About your newborn baby’s first weeks of life
Newborns spend their first weeks of life adapting to their new environment.
The outside world is very different from the womb, where the temperature is constant and noise is muffled. You can help your baby get used to the outside world by giving them warmth, love, security, attention – and plenty of cuddles, smiles and gentle talk.
Your newborn baby’s appearance in the first week of life
Your newborn baby’s appearance will change over the first week.
If your baby’s head is a bit cone shaped or uneven after journeying through the birth canal or because of a vacuum-assisted birth, it should round out during this first week.
Any swelling around your baby’s face and eyes should go down within a few days. If your baby’s face or head has been bruised – for example, after a forceps birth – the bruising will disappear. Newborns with bruising are at risk of newborn jaundice. Let your midwife , GP or child and family health nurse know if the skin on your baby’s face looks yellow and you think it might be jaundice.
Your baby’s umbilical cord will gradually dry, become black and then fall off, usually within the first 10 days. Try to keep the umbilical cord clean and dry. If the area around the umbilical cord looks red or is sticky, let your midwife, GP or child and family health nurse know.
Your baby might have one or more birthmarks, either at birth or later on. Birthmarks are common and usually don’t need medical attention. But if your baby’s birthmark concerns you or if it changes, it’s a good idea to have it checked by your GP or child and family health nurse.
Sometimes newborns have enlarged or swollen and tender breasts. They might also have a milky nipple discharge. This happens when newborns have high levels of oestrogen and/or prolactin in their bloodstream. These conditions usually go away by themselves within a few weeks.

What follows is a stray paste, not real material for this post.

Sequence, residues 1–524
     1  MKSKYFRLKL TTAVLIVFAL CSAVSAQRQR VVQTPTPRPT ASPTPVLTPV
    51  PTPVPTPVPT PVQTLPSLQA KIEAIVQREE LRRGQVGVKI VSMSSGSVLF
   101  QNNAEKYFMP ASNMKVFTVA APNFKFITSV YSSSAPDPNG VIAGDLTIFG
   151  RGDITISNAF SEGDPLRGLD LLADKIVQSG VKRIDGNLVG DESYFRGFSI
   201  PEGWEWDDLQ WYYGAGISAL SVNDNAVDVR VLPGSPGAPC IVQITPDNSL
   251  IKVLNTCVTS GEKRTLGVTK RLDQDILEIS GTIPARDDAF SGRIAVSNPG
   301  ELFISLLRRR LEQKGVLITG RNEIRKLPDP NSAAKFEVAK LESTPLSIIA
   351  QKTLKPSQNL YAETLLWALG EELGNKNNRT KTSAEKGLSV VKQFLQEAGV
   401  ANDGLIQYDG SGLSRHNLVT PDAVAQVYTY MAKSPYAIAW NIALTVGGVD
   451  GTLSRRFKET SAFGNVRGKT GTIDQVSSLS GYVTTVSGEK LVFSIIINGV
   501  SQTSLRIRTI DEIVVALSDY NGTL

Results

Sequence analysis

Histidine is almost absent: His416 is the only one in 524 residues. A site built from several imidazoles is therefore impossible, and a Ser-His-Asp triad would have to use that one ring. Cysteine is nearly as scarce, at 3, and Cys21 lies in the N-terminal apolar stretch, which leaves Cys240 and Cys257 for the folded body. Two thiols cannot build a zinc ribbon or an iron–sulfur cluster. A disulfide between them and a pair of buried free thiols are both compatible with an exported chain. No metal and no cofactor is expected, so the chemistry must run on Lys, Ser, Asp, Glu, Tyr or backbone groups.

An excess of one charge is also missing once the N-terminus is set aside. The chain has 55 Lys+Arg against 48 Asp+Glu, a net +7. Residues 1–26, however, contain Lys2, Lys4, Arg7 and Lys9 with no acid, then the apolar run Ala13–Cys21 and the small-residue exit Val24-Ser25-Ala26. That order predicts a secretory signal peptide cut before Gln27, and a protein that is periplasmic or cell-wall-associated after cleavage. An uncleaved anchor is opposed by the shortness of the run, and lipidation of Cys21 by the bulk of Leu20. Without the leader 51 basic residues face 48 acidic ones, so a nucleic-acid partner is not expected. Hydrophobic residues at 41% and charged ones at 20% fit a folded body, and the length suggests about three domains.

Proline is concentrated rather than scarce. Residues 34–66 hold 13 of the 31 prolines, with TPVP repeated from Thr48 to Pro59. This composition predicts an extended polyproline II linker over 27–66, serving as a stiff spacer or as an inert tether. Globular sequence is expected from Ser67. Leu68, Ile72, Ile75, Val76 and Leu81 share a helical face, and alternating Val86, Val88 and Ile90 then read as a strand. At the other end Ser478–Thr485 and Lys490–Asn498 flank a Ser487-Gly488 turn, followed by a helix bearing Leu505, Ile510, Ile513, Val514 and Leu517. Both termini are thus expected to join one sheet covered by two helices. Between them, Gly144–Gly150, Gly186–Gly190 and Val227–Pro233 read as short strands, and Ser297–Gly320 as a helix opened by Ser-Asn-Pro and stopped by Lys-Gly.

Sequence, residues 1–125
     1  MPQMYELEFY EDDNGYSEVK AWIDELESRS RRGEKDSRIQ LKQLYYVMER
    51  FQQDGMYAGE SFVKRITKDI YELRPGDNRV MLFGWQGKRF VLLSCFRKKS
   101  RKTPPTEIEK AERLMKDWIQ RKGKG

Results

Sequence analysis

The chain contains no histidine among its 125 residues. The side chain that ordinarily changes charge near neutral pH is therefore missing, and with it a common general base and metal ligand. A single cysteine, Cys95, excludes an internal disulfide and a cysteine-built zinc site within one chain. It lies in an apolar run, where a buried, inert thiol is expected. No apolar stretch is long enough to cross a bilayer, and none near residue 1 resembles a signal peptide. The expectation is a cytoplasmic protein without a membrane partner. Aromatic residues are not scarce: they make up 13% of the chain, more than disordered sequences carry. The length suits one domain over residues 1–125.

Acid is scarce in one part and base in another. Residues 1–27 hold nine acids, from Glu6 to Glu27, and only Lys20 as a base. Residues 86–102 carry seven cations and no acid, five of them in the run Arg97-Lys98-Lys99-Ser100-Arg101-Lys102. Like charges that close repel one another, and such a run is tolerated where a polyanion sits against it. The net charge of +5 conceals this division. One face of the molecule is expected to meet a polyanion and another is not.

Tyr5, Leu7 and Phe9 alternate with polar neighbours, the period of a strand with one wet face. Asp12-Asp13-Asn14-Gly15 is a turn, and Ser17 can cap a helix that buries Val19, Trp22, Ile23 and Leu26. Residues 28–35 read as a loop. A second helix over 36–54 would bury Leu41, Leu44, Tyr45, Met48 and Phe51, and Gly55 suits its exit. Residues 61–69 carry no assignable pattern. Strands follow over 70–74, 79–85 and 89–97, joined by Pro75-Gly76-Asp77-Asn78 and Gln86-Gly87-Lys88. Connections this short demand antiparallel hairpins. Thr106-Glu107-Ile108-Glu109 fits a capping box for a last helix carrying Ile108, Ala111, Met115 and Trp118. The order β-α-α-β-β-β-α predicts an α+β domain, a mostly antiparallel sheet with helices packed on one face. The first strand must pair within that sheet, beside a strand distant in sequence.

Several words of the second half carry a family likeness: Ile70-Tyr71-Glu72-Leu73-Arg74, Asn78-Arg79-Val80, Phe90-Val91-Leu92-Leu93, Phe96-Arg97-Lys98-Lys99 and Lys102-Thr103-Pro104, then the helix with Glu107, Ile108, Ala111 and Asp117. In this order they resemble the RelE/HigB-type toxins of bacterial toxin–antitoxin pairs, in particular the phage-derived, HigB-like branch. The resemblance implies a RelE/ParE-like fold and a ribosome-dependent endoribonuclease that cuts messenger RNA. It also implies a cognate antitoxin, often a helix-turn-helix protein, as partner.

Feeding and sleeping in the first weeks of life
Newborns have tiny tummies and need to feed frequently. Most spend a lot of time sleeping, but they’ll wake up every few hours to feed during the day and night.
Most newborns feed every 2-3 hours, and they have around 8-12 feeds every 24 hours. If your newborn baby is healthy and born at or after 37 weeks, it’s best to follow your baby’s lead with feeding.
Sometimes feeds might last up to an hour, especially if your baby is breastfeeding. Most babies will give you cues to show that they’re hungry. For example, they might seem more alert, move their mouth and tongue, bring their hand to their mouth and suck on their fingers or hands.
Newborns usually wake by themselves for feeds. But some might need to be woken for feeding – for example, newborns who have lost a lot of weight, are very small or are jaundiced.
It can take a while before you see a pattern or routine of feeding and sleeping. And it helps to remember that your baby’s feeding and sleeping pattern will change as your baby grows.
In the first few weeks, looking after yourself is important. This means eating well and doing some physical activity. It also means taking opportunities to rest whenever you can, like when your baby sleeps. Getting help from family and friends can make a big difference too.
Development in the first weeks of life
Your newborn baby is learning a lot as you spend time together every day. Their brain is growing and developing as they see, hear, smell and touch things in the world around them.
Your baby will close their hands in a tight fist and startle at sudden loud noises. They’re also likely to have sudden, involuntary jerky movements while asleep. These jerky movements are typical in newborns.
Bonding and communicating in the first weeks of life